We are back in the States. I am on sabbatical until September 6th. During that time I’m going to be working from home on my book on contemporary Unitarian Universalist theology, a journal article on the origins of the “great replacement” conspiracy theory, and the exhibition of Libuse Jarcovjakova’s that First Houston is mounting during FotoFest. I also plan to post a few final things about my travels and some general updates to my blog, including an up-to-date list of my sermons and my preaching and speaking schedule for the next few months.
The first of these posts is simply about food, primarily restaurants, in London. I say primarily because the thing I want to start with is…
The Borough Market
The Borough Market dates to the middle of the 18th century. It occupies a space partially sheltered by the arches of London Bridge and is a mix of permanent stands, temporary vendors selling fruit and veg, and shops and restaurants that line the market’s edge.
I went there twice during my time in London. The first time was on my own and the second was with Sadé and the boys. When I went on my own I made it there shortly before the market closed and, therefore, didn’t get to do much shopping. I did, however, manage to grab a meal Fish! Restaurant, where I had an unmemorable dish (I literally can’t remember what I ordered). This was followed by a wonderful set of a half dozen oysters coupled with a glass of champagne at Wright Brothers. That was a much more satisfying experience and I would recommend a visit there for exactly the same thing, oysters and champagne, to anyone who wants the pleasure of watching the market go by while seated at a rustic bar.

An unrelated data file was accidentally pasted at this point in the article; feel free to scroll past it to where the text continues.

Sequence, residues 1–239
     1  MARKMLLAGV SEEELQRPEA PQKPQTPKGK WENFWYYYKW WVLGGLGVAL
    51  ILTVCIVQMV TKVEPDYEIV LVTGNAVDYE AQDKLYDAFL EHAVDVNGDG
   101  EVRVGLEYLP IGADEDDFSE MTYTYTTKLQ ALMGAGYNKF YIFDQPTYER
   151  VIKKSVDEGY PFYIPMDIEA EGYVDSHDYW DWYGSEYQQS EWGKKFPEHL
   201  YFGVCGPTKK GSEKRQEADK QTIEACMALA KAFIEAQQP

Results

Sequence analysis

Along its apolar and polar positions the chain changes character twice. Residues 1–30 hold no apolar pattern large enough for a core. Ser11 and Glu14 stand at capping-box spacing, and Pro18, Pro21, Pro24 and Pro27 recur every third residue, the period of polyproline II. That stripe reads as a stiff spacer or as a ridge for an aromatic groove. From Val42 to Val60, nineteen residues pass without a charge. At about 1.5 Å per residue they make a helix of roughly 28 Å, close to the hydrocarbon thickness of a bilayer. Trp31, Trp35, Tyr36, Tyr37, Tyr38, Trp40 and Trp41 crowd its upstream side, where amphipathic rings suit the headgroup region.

My second visit to the market was focused on buying gifts and food items to bring back to Houston. We wandered around for well over an hour and bought things ranging from hot sauce to lavender syrup to … There’s a huge range of goods available. I could list them but a better sense can be had by visiting the market website or, better, the market itself.
Chishuru is one of the city’s “in” restaurants. Time Out has named it the best restaurant of 2022 and Condé Nast and the Guardian have both written great reviews about it. It specializes in West African cuisine and is located in the iconic Brixton Market, a wonderful maze of African, Afro-Caribbean, and Afro-British shops, food stalls, and restaurants.
When Sadé joined me in London Chishuru was at the top of our list. We made reservations about two months in advance and a couple of days after she and the boys arrived the two of us set off.
To say that it didn’t disappoint would be an understatement. The vibe was lovely, casual, intimate, and a bit bohemian. The service was attentive and the servers were more than willing to explain to us the various dishes that we found exotic.
Chishuru is a set menu sort of place. The meal we had is the one currently on their website. It began with three small plates: corn bites (chicken floss, scotch bonnet sauce), pan-seared hand-dived scallop (shellfish sauce, uziza oil), and ose-oji (peanut and coconut dip, radish, padrón peppers, carrots). All were delicious, though I think that we both enjoyed the scallop the most.
Scallops in England are served with their roe, a long tubular bright orange sac that it is attached to the white flesh. I find the roe delicious and I’ve never understood why it is impossible to find scallops with their roe in the United States.